New paths to scaling advanced gatestack and channel material for next-generation CMOS

Jun 15, 2012

In the effort to enhance the advanced metal-high-k gate stack for next-generation logic devices, imec successfully demonstrated higher-k dielectric with Replacement Metal Gate (Metal-Gate-Last) transistors that achieved 200x-1000x reduction in gate leakage relative to leading-edge logic devices in the industry with HfO2 high-k gate dielectric. To address the process control and scalability of the replacement metal gate for nano-scale devices, imec achieved tight electrical distribution down to 20nm gate length through detailed process optimizations. By providing fundamental insights into work-function influences due to metal intermixing in aggressively-scaled metal gates, imec’s research addresses an important source of variability in advanced transistors.

The results were presented at the VLSI Technology Symposium this week in Honolulu, Hawaii, (June 12-15, 2012).

As 3-D like FinFETs are scaled aggressively into 14nm and beyond, many transistor features approach scales of 10s-100s of atoms. The high-aspect ratio and complex topography of FinFETs, make physical analysis and metrology very challenging. Imec’s advanced physical analysis laboratory performs very active research on next-generation physical analysis and metrology. Imec was able to apply a novel atom probe tomography technique that enables atomic-level resolution of dopant distribution in nanometer-size FinFET. With clear correlation to transistor electrical performance, the new technique provided unprecedented insights into ultra-shallow junction formation in FinFETs, enabling device design and a clearer understanding of how dopant atoms are incorporated in nanometer-scale device volumes.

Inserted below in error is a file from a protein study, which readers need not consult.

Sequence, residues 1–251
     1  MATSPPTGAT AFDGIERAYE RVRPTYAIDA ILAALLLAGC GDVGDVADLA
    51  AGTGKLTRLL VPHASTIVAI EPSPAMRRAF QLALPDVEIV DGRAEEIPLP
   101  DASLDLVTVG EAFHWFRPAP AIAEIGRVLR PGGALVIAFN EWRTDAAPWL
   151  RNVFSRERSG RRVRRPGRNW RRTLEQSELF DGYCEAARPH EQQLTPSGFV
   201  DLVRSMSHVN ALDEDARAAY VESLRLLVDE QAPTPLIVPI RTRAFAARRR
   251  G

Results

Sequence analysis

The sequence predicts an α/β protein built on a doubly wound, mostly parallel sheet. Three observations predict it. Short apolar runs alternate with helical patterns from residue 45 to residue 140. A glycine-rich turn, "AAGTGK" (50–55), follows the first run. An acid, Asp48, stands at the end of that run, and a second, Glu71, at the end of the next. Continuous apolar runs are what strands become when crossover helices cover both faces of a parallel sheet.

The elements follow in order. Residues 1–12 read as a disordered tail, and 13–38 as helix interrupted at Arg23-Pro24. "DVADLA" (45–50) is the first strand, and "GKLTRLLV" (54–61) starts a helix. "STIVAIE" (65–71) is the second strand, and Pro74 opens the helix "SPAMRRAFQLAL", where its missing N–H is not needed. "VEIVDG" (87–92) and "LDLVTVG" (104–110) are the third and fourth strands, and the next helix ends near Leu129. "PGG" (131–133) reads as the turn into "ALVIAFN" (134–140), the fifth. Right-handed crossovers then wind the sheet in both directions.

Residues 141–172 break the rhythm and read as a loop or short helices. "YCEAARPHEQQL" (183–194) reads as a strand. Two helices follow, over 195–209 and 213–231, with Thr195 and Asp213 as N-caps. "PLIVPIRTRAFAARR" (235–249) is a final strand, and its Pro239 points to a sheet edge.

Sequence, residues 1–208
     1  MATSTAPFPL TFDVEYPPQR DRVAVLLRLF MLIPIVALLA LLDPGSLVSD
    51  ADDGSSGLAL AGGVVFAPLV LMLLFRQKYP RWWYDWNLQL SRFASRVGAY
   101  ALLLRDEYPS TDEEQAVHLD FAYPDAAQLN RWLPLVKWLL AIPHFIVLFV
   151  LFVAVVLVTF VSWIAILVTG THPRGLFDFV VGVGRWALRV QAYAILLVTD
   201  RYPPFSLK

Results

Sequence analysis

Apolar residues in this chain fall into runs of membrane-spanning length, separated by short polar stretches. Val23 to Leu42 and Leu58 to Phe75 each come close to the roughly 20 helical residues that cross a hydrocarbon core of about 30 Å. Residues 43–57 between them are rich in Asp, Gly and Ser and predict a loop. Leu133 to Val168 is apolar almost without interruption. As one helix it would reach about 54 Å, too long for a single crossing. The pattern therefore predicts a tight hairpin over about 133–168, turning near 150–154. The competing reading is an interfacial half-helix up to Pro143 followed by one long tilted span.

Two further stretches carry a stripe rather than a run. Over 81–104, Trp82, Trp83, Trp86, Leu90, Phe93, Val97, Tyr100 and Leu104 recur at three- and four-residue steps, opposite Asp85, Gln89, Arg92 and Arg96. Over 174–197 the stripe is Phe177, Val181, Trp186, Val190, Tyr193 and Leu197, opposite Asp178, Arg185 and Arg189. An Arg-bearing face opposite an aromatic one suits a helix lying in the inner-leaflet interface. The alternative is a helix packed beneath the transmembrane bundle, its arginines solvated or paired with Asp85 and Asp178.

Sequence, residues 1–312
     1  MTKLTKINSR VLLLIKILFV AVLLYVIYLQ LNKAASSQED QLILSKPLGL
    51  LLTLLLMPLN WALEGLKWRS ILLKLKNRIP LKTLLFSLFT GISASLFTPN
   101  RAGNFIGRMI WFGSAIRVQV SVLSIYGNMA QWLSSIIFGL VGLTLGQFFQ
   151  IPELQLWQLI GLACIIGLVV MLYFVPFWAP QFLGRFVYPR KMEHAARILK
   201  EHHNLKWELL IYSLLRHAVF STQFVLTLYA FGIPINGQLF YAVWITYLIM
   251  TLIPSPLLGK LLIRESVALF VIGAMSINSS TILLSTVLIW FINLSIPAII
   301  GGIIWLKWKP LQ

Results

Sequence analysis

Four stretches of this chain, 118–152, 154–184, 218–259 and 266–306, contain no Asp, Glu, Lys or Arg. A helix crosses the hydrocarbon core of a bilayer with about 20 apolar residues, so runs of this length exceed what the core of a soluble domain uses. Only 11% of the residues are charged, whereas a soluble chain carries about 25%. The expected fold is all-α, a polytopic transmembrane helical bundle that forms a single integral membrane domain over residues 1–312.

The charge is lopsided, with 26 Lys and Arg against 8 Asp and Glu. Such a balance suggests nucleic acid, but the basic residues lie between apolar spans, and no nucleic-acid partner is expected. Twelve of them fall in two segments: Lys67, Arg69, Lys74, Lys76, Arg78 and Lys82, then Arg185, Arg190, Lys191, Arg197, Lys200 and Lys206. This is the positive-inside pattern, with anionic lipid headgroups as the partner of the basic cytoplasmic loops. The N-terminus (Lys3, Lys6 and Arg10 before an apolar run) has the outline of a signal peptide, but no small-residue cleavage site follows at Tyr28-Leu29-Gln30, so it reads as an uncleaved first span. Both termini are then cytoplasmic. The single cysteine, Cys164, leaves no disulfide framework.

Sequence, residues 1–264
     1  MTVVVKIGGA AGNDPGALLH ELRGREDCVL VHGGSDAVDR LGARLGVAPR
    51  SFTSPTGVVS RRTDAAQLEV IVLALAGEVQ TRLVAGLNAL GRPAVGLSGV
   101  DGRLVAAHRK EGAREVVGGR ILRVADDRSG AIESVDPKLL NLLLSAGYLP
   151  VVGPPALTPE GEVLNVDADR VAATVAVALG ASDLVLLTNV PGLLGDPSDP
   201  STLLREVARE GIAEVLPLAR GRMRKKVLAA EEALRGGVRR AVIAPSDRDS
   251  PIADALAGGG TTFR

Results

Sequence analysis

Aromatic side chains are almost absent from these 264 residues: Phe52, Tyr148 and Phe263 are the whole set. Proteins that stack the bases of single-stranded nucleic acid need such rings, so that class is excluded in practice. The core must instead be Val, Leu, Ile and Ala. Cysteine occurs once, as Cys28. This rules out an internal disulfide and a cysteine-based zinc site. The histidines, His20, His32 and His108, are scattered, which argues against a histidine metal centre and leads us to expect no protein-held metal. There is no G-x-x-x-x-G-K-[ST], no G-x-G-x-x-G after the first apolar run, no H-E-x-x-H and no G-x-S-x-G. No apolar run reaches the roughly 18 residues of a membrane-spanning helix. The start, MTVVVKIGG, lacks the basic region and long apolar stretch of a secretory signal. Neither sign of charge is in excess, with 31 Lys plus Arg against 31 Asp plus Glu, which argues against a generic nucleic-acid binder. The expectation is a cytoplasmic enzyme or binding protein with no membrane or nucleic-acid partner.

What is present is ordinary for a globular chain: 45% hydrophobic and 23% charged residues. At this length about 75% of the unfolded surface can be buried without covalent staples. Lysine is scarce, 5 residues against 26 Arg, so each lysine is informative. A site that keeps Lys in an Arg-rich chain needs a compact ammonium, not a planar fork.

In addition to extensive R&D work on extending the of advanced gate stack and FinFETs, imec also focuses on high-mobility channel transistors. At the VLSI Technology Symposium, imec highlighted record pMOS performance by SiGe quantum well devices. The device is a promising candidate to enable further transistor performance scaling beyond today’s strained-Si technology. Recent research work to show the path beyond Si and even beyond Ge was also presented at the VLSI Symposium. In addition, a joint research project with Stanford University investigating the promise of GeSn (Germanium-Tin) channel NMOS devices was highlighted.

Aaron Thean, director of imec's logic device program stated: “We are excited by these excellent results of our advanced transistor program Working closely with our technology partners, this work represents some of the focused imec activities to extend Moore’s Law and CMOS technologies. We would also like to thank the VLSI Technology Symposium Committee for their appreciation of our work.”

These results were obtained in the framework of imec’s core research program on advanced CMOS technologies, in cooperation with imec’s key partners programs Globalfoundries, INTEL, Micron, Panasonic, Samsung, TSMC, Elpida, SK hynix, Fujitsu and Sony.

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